Mapping heterogeneous units opens up many new ways to explore data. The next step I will try to work out is using mentions and retweets to identify not only the level of interest that certain accounts accord to certain topics (which you can see in the map above), but the level of echo that an account produces in relation to a certain topic. We’ll see how that goes.

In completely unrelated news, I read an interesting piece by Rocky Agrawal on why he blocked tech blogger Robert Scoble from his Google+ account. At the very end, he mentions a little experiment that founder Joshua Schachter did a couple of days ago: he asked his 14K followers on Twitter and 1.5K followers on Google+ to respond to a post, getting 30 answers the former and 42 from the latter. Sitting on still largely unexplored click data for millions of urls posted on Twitter, I can only confirm that Twitter impact may be overstated by an order of magnitude…

There are many different ways of making sense of large datasets. Using network visualization is one of them. But what is a network? Or rather, which aspects of a dataset do we want to explore as a network? Even social services like Twitter can be graphed in many different ways. Friend/follower connections are an obvious choice, but retweets and mentions can be used as well to establish links between accounts. Hashtag similarity (two users who share a tag are connected, the more they share, the closer) is yet another method. In fact, when we shift from interactions to co-occurrences, many different things become possible. Instead of mapping user accounts, we can, for example, map hashtags: two tags are connected if they appear in the same tweet and the number of co-occurrences defines link strength (or “edge weight”). The Mapping Online Publics project has more ideas on this question, including mapping over time.

In the context of the IPRI research project we have been following 25K Twitter accounts from the French twittersphere. Here is a map (size: occurrence count / color: degree / layout: gephi with OpenOrd) of the hashtag co-occurrences for the 10.000 hashtags used most often between February 15 2011 and April 15 2011 (clicking on the image gets you the full map, 5MB):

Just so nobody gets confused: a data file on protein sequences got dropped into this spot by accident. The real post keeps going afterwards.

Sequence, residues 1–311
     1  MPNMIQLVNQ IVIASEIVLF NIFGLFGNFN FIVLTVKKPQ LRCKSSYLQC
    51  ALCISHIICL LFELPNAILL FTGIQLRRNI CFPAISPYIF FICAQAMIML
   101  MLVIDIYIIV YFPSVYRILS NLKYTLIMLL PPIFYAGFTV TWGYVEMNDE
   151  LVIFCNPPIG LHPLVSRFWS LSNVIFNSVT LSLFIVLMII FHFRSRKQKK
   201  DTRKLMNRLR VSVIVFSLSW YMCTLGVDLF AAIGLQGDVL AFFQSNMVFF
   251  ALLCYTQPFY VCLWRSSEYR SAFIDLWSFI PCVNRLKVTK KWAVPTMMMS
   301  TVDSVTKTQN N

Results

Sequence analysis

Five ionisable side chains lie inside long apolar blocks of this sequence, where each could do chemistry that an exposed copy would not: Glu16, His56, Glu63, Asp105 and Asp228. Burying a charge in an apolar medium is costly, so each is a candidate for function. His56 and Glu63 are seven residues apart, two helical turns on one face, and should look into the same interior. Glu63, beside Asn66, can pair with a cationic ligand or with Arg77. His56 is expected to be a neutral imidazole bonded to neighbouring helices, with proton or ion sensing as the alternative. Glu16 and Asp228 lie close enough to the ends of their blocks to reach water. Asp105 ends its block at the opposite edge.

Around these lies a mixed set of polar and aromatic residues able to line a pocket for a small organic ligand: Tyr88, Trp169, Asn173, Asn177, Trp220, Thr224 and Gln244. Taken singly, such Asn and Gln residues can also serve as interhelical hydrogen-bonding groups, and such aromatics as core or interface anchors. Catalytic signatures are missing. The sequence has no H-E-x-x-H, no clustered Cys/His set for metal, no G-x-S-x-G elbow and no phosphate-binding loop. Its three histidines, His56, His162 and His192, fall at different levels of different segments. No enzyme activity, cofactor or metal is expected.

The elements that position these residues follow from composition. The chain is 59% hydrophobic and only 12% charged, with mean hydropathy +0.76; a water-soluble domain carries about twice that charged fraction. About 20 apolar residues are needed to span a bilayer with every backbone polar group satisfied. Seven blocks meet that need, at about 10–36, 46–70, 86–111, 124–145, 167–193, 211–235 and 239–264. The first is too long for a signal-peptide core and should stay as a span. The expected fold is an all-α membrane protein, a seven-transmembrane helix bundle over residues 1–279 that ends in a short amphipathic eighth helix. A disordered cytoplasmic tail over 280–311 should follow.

The main topics over this period were the regional elections (“cantonales”) and the Arab spring, particularly the events in Libya. The japan earthquake is also very prominent. But you’ll also find smaller events leaving their traces, e.g. star designer Galliano’s antisemitic remarks in a Paris restaurant. Large parts of the map show ongoing topics, cinema, sports, general geekery, and so forth. While not exhaustive, this map is currently helping us to understand which topics are actually “inside” our dataset. This is exploratory data analysis at work: rather than confirming a hypothesis, maps like this can help us get a general understanding of what we’re dealing with and then formulate more precise questions from there.

When Lawrence Lessig famously stated that “code is law”, the most simple and striking example was AOL’s decision to – arbitrarily – limit the number of people that could log into a chat room at the same time to 23. While the social consequences of this rule were quite far-reaching, they could be traced to a simple line of text somewhere in a script stating that “limit = 23;” (apparently someone changed that to “limit = 36;” a bit later).

When starting to work on a data exploration project linking Web sites to Twitter, I wasn’t aware that the microblogging site had similar limitations built in. Somewhere in 2008, Twitter apparently capped the number of people one can follow to 2000. I stumbled over this limit by accident when graphing friends and followers for the 24K+ accounts we are following for our project:

This scatterplot (made with Mondrian, x: followers / y: friends) shows the cutoff quite well but it also indicates that things are a bit more complicated than “limit = 2000;”. From looking at the data, it seems that a) beyond 2000, the friend limit is directly related to the number of followers an account has and b) some accounts are exempt from the limit. Just like everywhere else, there are exceptions to the rule and “all are equal before the law” (UN Declaration of Human Rights) is a standard that does not apply in the context of a private service.

While programmed rules and limits play an important role in structuring possibilities for communication and exchange, a second graph indicates that social dynamics leave their traces as well:

This is the same data but zoomed out to include the accounts with the highest friend and follower count. There is a distinct bifurcation in the data, two trends emerging at the same time: a) accounts that follow the friend/follower limit coupling and b) accounts that are followed by a lot of others while not following many people themselves. The latter category is obviously celebrity accounts such as David Lynch, Paul Krugman, or Karl Lagerfeld. These brands are simply using Twitter as a one-to-many medium. But what about the first category? A quick examination confirms that these are Internet professionals, mostly from marketing and journalism. These accounts are not built on a transfer of social capital (celebrity status) from the outside, but on continuous cross-platform networking and diligent posting. They have to play by different rules than celebrities, reciprocating follower connections and interacting with other accounts to abide by the tacit rules of the twitterverse. They have built their accounts into mass media as well but had to work hard to get there.